COVID-19 was not the first respiratory illness to create a stir in our community in 2019/2020.
EVALI (e-cigarette or vaping- use associated lung injury) was an outbreak that touched every state beginning in the fall of 2019. According to the CDC, the multistate outbreak was responsible for approximately 2,500 cases and 50 deaths.
Such products were originally marketed as a way to quit smoking cigarettes, a healthy alternative for the environment and cheaper products.
However, younger people who began vaping, using e-cigarettes or Juuling (Juul is a brand of e-cigarette) weren’t originally tobacco cigarette users seeking new ways to quit smoking. EVALI mostly affected younger people, many of whom suffered acute respiratory failure.
Why is Juuling so appealing to the younger generations?
• JUUL has 73.4% of the e-cigarette market
• One JUUL pod equals the nicotine of 20-25 cigarettes
• One package of four pods costs $15.99
• One hundred cigarettes costs $30
That’s a lot of nicotine going into our children’s lungs.
The EVALI outbreak was caused by the dominant presence of vitamin E acetate in the THC-containing vaping products. Unfortunately, the biochemical mechanism of EVALI is still unknown. This outbreak allowed researchers an opportunity to investigate the dangerous effects of vitamin E acetate on the lung. A strong advantage of this outbreak was the initiative to restrain the availability of vitamin E acetate-containing vaping products to the public.
According to the most recent National Youth Tobacco Surveys (NYTS), about 1 in 15 middle school students were current users of tobacco products in 2020. That statistic was 1 in 8 during 2019. From the same survey, nearly 1 in 4 high school students were current users of tobacco products in 2020, compared to 1 in 3 during 2019. The NYTS survey also says there were an estimated 1.73 million fewer youth tobacco product users in 2020 than 2019.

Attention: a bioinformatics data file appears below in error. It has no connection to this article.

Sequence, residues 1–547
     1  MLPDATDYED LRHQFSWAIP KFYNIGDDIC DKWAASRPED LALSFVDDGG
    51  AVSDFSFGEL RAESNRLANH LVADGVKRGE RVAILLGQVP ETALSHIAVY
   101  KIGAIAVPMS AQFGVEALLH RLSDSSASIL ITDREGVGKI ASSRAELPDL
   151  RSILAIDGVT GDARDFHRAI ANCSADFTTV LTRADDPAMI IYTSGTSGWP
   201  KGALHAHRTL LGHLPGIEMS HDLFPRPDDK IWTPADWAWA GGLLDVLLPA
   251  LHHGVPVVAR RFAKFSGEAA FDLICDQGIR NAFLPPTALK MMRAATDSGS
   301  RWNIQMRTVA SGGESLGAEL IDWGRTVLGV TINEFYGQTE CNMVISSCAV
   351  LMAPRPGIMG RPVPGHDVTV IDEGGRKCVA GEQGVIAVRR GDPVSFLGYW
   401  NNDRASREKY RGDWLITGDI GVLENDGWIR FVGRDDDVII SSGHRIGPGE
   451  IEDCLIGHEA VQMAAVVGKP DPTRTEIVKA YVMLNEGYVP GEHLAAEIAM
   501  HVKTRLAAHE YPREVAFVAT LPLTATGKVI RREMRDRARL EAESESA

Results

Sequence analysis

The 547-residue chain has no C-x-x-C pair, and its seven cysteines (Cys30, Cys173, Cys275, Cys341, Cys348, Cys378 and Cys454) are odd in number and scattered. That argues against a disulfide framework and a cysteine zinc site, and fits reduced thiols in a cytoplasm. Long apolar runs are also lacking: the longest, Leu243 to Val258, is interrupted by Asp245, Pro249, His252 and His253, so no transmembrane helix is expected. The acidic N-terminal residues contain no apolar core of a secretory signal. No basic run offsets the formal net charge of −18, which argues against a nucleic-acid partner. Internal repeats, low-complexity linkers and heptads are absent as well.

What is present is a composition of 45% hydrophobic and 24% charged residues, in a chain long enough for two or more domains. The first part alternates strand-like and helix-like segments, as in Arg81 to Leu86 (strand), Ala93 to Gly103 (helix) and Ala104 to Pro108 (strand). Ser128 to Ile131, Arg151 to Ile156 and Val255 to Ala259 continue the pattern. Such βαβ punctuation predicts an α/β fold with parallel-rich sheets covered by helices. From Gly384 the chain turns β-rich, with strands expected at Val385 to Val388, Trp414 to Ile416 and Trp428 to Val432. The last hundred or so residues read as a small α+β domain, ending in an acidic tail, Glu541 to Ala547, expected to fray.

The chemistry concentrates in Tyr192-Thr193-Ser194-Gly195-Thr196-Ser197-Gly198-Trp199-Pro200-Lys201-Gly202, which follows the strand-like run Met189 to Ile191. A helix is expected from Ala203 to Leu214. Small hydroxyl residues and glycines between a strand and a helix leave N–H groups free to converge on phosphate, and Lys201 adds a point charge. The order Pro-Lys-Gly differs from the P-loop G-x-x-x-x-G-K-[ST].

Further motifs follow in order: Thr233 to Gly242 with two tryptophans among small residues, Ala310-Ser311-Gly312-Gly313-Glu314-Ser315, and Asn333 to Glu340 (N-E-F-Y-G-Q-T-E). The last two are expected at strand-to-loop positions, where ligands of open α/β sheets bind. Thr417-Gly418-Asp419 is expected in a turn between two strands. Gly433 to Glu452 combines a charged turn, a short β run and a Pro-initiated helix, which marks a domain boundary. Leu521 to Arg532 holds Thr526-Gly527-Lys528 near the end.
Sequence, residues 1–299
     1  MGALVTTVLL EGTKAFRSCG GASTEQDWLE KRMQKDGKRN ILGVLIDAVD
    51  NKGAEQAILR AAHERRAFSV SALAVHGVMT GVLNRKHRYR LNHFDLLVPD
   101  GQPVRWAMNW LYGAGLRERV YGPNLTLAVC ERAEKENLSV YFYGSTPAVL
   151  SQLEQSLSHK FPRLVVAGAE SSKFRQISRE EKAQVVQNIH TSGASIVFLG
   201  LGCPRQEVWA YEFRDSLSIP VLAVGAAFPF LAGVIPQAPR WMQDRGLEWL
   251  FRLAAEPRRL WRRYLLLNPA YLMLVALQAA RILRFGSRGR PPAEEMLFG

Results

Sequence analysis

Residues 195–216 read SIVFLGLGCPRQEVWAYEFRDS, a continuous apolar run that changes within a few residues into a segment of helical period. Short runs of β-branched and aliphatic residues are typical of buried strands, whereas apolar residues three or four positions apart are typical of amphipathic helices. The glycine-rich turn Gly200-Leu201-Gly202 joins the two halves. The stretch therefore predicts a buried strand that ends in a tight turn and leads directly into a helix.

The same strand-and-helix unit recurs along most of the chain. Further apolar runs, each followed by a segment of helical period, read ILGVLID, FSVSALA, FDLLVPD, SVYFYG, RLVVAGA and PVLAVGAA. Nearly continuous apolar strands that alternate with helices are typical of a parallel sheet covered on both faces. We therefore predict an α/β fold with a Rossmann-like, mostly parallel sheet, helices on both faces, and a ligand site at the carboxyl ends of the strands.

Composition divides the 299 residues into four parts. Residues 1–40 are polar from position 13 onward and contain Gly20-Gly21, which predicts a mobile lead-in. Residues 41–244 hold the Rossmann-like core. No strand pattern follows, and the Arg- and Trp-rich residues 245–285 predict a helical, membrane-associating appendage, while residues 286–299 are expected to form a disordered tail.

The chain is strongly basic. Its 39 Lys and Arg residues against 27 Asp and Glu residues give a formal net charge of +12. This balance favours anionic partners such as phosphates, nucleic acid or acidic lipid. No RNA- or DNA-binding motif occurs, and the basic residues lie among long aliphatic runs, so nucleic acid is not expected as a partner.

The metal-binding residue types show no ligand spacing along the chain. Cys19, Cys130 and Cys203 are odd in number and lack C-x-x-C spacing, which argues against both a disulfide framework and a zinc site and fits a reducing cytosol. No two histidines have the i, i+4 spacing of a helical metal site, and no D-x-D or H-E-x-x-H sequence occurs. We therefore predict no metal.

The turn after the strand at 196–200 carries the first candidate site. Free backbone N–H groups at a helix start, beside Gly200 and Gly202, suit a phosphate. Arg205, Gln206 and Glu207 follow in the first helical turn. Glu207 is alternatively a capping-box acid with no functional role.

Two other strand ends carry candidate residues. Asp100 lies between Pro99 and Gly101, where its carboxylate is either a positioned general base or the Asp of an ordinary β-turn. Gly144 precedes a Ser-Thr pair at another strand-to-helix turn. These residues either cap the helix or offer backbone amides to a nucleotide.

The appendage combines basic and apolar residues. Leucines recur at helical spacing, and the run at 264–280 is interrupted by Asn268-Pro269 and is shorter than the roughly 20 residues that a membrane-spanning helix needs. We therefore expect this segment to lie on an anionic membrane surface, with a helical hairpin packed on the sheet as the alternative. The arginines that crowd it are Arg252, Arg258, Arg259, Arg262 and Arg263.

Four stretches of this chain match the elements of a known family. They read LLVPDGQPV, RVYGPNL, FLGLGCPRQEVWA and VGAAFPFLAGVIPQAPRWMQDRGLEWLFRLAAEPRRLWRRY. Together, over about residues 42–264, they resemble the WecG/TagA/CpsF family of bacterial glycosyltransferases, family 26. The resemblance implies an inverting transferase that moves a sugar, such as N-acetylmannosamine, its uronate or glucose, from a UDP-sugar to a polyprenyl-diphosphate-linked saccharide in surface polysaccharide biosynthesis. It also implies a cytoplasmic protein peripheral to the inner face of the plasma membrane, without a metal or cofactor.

Luckily, younger people have taken charge, and for the first time in years there has been a recorded decrease in vaping. According to government data, the rates of vaping decreased from 27.5% in 2019 to 19.6% in 2020.
One major factor behind teens choosing to purchase electronic smoking products was the flavoring, such as raspberry, mint or even coffee. Once new regulations caused companies to omit flavors, the appeal to youth decreased. Students turning toward remote learning during the pandemic allowed for parents to become more aware of their kids’ health behaviors, which could have contributed to the decrease in 2020. Other factors attributed to the decline are public health initiatives, health advocates within the school system and FDA regulations.
Nevertheless, youth vaping rates are still very high, and we are still in a public health crisis! This epidemic has affected young people, families, schools and communities. The FDA has vowed to enforce the minimum age of 21 to purchase any tobacco products, educate the public of the current issue and enforce against youth-appealing tobacco products.
Healthy Kingsport advocates for a tobacco-free lifestyle. According to the World Health Organization, there is indisputable evidence that implementing 100% smoke-free environments is the only effective way to protect the population from the harmful effects of secondhand smoke.
Join the 77 other Kingsport workplaces by posting “Healthy Kingsport’s Tobacco Free Campus” signage and promoting a healthier generation! Visit healthykingsport.org to sign up to be a tobacco-free campus.